What I Buy and Why: Hotelier Lena Evstafieva on Why She Buys the Work of Emerging Female Artists—and Almost Never Sells
The co-founder of the Villa Lena Foundation has no regrets in her art collecting journey.
Lena Evstafieva may have made a professional leap when she decided to set up the hotel that became Villa Lena in 2013, with musician and producer husband Jérôme Hadey, and Parisian restaurateur and nightclub owner Lionel Bensemoun. But the project has become more than just a plan to redevelop the property in Tuscany, and Evstafieva has hardly left the art world.
The former curator at Garage in Moscow and director of Pace Gallery in London is also running the Villa Lena Foundation, a non-for-profit organization that offers an artist residency and support artists from around the world working in a range of media, from visual art, music, and film, to literature, fashion, and interdisciplinary practices. The foundation is supported by an advisory board which includes Wu Tang Clan rapper RZA, fashion designer Barbara Casasola, curator Caroline Bourgeois, journalist Charlie Porter, architect Rafael de Cardenas, and film curator Leonardo Bigazzi.
As an art collector, Evstafieva revealed that she is an “emotional” rather than “strategic” one, rather than one full of strategic planning. Emerging artists and women artists have grown to become a major focus of her collecting journey. We caught up with Evstafieva on what she has bought and why.
What was your first purchase (and how much did you pay for it)?
It was Pieter Hugo’s The Hyena and Other Men series. I purchased each at $1,000.
What was your most recent purchase?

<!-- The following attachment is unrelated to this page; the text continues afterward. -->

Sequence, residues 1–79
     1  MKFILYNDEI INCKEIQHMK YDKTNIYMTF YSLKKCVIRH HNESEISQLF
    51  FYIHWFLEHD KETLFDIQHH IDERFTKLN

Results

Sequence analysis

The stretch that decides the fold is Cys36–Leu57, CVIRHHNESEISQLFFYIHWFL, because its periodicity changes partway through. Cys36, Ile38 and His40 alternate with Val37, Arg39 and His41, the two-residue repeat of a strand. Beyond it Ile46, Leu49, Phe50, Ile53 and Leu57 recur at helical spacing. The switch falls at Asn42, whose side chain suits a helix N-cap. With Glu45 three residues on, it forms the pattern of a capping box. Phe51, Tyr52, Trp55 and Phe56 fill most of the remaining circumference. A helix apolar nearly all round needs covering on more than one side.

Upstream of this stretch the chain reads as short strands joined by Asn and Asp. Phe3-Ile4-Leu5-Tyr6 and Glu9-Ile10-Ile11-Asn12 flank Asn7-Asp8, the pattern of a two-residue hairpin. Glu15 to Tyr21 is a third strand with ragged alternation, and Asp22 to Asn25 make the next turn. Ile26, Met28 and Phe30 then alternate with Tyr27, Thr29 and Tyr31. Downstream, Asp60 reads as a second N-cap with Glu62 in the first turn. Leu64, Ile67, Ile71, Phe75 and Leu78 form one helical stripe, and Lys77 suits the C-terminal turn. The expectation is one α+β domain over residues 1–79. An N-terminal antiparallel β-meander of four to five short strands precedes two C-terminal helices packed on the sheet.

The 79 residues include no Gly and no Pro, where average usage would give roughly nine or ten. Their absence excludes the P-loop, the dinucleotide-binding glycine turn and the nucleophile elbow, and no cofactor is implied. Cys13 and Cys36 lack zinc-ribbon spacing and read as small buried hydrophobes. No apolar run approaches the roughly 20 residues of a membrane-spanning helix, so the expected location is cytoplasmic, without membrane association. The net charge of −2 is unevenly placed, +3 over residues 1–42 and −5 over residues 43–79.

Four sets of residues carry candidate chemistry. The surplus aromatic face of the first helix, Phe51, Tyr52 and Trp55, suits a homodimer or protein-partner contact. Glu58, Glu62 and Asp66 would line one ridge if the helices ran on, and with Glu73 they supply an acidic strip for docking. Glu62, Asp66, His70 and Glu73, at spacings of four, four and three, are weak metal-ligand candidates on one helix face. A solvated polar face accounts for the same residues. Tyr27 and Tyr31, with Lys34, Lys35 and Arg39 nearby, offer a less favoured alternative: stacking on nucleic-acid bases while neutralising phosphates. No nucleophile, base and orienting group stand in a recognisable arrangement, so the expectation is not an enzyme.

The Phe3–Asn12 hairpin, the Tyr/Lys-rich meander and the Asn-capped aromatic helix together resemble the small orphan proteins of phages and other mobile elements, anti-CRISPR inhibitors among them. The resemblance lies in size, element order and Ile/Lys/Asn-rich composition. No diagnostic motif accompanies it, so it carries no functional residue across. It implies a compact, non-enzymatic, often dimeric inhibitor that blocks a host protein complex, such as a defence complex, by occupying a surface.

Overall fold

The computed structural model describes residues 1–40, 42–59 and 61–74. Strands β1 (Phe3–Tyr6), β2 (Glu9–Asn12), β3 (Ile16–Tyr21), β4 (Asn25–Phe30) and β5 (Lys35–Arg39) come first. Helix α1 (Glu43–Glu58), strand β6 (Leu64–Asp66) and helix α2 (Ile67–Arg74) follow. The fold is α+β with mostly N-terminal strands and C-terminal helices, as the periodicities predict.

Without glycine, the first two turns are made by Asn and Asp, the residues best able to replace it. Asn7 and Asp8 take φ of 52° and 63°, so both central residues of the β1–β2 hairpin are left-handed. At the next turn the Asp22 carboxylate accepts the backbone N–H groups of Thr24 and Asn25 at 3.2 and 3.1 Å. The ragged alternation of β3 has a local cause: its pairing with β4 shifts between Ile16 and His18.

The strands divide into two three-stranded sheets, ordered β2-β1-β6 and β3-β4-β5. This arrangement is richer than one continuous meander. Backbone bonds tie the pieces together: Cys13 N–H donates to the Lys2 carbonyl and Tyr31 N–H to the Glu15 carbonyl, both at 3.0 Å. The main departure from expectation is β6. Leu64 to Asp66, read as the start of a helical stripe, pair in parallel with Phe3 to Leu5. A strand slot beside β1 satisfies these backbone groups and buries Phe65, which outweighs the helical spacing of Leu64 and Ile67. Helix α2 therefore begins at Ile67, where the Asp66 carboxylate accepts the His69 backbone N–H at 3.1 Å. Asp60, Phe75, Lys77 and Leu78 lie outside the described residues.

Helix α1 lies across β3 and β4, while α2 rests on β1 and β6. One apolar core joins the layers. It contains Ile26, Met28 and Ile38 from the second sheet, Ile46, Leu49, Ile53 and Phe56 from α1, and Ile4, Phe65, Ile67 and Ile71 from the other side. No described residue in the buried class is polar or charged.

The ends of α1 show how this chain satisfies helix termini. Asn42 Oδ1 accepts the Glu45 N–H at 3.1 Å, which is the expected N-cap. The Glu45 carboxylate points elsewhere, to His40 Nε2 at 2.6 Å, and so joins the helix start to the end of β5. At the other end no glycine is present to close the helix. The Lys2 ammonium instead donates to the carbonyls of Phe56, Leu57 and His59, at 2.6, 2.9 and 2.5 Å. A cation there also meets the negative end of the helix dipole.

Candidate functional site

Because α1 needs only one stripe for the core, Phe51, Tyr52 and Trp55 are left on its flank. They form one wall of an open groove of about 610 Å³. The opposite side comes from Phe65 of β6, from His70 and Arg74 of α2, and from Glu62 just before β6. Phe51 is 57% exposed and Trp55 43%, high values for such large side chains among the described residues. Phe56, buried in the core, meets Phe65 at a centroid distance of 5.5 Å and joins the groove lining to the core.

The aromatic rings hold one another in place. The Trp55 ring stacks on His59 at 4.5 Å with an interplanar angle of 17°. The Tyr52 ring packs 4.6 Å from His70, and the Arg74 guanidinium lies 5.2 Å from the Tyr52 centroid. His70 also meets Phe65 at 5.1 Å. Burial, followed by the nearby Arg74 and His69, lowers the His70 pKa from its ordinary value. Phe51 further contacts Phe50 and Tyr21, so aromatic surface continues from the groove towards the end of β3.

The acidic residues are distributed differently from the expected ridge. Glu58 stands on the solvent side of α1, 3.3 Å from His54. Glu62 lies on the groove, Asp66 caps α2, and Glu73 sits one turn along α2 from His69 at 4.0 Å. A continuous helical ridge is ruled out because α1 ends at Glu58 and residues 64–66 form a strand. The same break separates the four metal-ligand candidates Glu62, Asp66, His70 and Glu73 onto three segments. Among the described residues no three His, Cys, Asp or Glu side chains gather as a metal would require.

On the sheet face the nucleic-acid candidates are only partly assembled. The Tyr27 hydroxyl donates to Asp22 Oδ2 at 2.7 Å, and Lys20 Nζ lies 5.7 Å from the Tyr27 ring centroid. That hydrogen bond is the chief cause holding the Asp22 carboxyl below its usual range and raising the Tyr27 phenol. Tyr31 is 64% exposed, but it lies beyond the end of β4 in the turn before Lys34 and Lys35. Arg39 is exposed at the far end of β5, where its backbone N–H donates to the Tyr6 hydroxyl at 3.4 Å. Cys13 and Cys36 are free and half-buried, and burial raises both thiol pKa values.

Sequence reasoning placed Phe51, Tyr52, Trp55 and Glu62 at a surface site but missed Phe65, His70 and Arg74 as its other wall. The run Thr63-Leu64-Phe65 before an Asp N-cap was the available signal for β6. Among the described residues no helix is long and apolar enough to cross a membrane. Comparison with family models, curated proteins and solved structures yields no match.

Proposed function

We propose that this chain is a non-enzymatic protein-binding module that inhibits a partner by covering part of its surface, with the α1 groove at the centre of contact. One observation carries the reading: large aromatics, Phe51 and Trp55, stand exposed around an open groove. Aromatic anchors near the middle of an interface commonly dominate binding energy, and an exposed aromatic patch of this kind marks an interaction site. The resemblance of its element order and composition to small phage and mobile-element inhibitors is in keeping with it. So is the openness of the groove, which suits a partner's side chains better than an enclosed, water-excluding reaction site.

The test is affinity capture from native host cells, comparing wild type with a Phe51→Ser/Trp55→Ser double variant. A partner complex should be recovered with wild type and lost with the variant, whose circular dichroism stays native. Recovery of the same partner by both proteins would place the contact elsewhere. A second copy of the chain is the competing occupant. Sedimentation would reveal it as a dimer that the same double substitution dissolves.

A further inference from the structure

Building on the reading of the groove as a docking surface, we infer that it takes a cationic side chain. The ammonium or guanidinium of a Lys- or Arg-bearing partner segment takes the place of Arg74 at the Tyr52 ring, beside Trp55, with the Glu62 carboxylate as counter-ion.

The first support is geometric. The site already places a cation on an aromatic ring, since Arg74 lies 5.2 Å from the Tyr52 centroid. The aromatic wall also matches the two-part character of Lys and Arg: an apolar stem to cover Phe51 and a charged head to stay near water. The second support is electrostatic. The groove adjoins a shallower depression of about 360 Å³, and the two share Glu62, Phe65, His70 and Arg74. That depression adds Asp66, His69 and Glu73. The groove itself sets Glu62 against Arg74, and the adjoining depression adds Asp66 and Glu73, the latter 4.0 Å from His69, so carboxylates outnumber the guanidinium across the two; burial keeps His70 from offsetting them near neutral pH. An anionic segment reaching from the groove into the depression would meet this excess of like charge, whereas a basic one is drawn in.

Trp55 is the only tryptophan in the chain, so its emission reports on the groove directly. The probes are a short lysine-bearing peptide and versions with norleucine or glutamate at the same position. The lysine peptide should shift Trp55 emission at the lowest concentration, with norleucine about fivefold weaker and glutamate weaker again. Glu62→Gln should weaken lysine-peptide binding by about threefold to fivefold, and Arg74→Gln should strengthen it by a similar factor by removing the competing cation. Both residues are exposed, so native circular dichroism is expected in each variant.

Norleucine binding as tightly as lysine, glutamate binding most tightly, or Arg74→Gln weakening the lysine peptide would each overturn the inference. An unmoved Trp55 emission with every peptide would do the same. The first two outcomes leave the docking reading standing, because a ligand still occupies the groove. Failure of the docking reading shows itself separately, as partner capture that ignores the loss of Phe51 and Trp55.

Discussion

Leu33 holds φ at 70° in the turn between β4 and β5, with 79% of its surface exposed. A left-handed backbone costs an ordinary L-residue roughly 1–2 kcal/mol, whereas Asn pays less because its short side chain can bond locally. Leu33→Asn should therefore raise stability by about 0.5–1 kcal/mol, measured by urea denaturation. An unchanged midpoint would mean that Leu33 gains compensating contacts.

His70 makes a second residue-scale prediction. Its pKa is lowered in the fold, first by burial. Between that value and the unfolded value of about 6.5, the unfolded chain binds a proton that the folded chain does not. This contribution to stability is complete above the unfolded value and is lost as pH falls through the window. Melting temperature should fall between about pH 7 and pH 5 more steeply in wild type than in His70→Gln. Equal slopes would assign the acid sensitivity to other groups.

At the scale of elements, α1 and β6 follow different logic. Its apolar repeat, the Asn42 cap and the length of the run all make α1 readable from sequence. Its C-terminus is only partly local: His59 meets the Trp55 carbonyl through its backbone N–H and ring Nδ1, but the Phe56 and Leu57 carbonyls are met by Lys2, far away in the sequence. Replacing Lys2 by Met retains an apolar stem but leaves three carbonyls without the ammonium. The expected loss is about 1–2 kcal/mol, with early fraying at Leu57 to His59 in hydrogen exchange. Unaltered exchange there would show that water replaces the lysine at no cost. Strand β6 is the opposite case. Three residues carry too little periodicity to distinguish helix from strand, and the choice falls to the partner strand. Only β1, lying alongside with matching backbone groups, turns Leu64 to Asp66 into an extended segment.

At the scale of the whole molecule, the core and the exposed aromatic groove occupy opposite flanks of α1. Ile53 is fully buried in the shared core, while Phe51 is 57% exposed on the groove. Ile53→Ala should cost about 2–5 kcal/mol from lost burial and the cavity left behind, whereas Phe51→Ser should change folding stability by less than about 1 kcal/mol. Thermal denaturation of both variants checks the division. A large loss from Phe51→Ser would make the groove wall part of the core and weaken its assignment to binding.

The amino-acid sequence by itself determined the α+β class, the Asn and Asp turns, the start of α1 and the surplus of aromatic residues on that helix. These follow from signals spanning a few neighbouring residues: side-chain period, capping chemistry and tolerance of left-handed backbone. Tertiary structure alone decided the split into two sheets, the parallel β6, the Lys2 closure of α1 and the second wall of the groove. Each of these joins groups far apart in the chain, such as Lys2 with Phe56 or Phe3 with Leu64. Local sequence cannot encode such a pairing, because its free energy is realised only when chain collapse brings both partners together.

A work by former Villa Lena resident Bradley Kerl. He painted a magnificent view of flowers in full bloom in front of a window of our 19th-century villa, and I had to buy it.
Which works or artists are you hoping to add to your collection this year?
I am an emotional collector, not a strategic one. I don’t really plan what sort of artists I’d like to collect. I just react to certain pieces that I see coming my way. Having said that, in the past few years I have started to gravitate more towards female artists, and I would love to add works by Zhanna Kadyrova and Olga Chernysheva to my collection, both of whom I find to be such profound thinkers.
What is the most expensive work of art that you own?
I can tell you which work is the most expensive per square centimeter: a Gerhard Richter overpainted photograph from the 1990s.
Where do you buy art most frequently?
Everywhere, but I find art fairs the most efficient way.
Is there a work you regret purchasing?
No, I never usually regret any purchases and, in fact, it would have to be exceptional circumstances for me to sell a work because of this.
What work do you have hanging above your sofa? What about in your bathroom?
Above my sofa, I have a very large Valerie Snobeck piece. It’s a six-panel piece of transparent film with imprints of a large leaf on three of the panels and negative space on the other three.
What is the most impractical work of art you own?
I have quite a few of those! Kathleen Ryan’s parrot sculpture is highly impractical when you have small children and dogs running around—however, it has survived, so far.
What work do you wish you had bought when you had the chance?
I prefer to buy emerging and lesser established artists—which is why I’m delighted to be partnering with She Curates on our artist residency. With this in mind, I wish I had bought more work by Sara Anstis, or more art by the incredibly talented Gaia Fugazza. Both are female artists, and their work depicts Surrealist, dreamy imagery which I absolutely love.
If you could steal one work of art without getting caught, what would it be?
Probably, the most clichéd answer of all—any large scale Waterlilies by Monet. I just love them.
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